Let’s get this disclaimer out of the way: I think it’s cool that Ornette Coleman won the Pulitzer prize. I’m a big fan—the disappearance of my Free Jazz LP in a move was a sad, sad day. (Yes, there’s a CD. But I had it on vinyl, man.) And if the jury wanted a controversy-free non-classical pick, they couldn’t really have done better. Coleman’s earned respect across genres in way that almost no one else can. Maybe that’s why the announcement has seemed rather anti-climactic. Then again, maybe it’s because the non-classical nature of this year’s prize was almost certainly a foregone conclusion.
What do this year’s Pulitzer music jury and the Supreme Court have in common? That one’s easy: they’re both stacked decks. And, coincidentally, they both delivered this week exactly what their selection was intended to deliver. The A.K.s who give the O.K.s started to chip away at Roe v. Wade, a reversal which should come as a surprise to exactly no one: when the last two justices were put on the court, this was what their supporters were aiming for. And a look at the Pulitzer jury makes it pretty clear that this was going to be a non-classical year, come hell or high water. Coleman, in fact, hadn’t even been nominated. Justin Davidson reports:
As jurors huddled for a weekend in March to go through the hundred-plus scores and recordings, someone noticed that despite the official desire for submissions in jazz, film music and other genres, Coleman’s latest CD, “Sound Grammar,” wasn’t in the pile. Another juror, ex-Timesman John Rockwell, sent someone out to scare up a copy.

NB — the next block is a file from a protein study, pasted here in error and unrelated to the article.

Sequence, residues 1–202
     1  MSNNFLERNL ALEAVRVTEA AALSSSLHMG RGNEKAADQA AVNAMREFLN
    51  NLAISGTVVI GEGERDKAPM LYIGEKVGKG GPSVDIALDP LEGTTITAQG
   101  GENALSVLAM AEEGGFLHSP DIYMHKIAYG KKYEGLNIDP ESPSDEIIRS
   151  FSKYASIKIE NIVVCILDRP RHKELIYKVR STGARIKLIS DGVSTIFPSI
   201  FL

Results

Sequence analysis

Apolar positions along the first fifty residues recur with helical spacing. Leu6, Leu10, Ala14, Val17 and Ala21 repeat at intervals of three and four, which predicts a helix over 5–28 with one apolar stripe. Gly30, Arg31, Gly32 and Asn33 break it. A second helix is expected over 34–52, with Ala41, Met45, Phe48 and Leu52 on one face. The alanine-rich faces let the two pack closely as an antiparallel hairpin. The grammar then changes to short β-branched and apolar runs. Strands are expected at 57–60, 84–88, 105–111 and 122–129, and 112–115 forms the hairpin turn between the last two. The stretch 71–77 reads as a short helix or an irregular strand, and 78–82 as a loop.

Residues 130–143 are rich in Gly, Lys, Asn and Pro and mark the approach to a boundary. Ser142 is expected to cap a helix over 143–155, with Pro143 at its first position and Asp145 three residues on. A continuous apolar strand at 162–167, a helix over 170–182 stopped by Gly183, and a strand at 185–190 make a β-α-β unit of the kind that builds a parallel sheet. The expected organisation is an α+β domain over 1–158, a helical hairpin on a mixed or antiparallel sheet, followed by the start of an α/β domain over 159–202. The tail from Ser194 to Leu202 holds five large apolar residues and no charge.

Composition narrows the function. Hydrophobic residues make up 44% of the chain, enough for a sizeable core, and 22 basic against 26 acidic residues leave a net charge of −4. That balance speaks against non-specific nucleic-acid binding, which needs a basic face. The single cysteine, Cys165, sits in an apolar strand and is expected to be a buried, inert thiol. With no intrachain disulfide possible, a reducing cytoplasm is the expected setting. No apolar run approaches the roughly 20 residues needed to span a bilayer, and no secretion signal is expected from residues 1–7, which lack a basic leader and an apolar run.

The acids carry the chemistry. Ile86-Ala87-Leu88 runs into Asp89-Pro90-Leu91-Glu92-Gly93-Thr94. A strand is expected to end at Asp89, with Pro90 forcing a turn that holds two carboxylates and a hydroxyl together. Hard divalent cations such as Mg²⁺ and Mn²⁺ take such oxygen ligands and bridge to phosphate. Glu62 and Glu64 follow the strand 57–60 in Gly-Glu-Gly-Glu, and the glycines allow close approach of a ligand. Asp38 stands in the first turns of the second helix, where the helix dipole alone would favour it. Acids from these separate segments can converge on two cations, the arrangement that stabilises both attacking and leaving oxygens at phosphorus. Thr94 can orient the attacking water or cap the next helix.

(That’s got to rankle all those other composers who forked over fifty bucks with their nominating applications.) Jazz belongs in the mix, but do you get the feeling that prizes are going to start being passed around from genre to genre every year? It’s like instead of a de facto lifetime achievement award, it’s a de facto stylistic affirmation award. The politics around the Pulitzers will be the equivalent of the 19th-century Parisian Prix de Rome. (In as much as they aren’t already.) Here’s something else: for the drama prize, the board rejected all three of the jury’s recommendations and gave the hardware to David Lindsay-Abaire’s non-finalist Rabbit Hole. I’ll bet that within a decade, they’ll pull the same thing with the music prize, ignoring the jury and opting for a board member’s no-doubt-persuasive argument for some pop-jazz equivalent of Profiles In Courage, one handily available for purchase or download. (Historically, this has been bad news for composers: in 1965, the jury recommended Duke Ellington for the prize—it was the board that decided to give no award that year. Same in 1992: any committee that can screw over both the Duke and Ralph Shapey in the exact same way is something special.)
I don’t think awards are all that important, but the mechanisms behind them are interesting for what they say about the field. And it seems pretty clear that, at the moment, the outside perception of art music has become as much an exercise in stylistic categorization as it is in popular music. Staking out a genre is as important, maybe more important, that the moment-to-moment, note-to-note discourse, or the structure and rhetoric of an individual piece. For over a decade, I’ve been hearing new music that gleefully jumps the lines between various schools and styles, and I’ve never been of the opinion that there are musical goals that are limited to one genre or vocabulary only—I’m a confirmed eclecticist. But for now, we may be in for some historical housecleaning, celebrating more stylistically extreme composers and performers as critics and observers make an effort to fix points on the cultural landscape. I guess it’s a certain kind of entertainment to watch awards committees try and bend their heads around issues that the practitioners worked out for themselves years ago.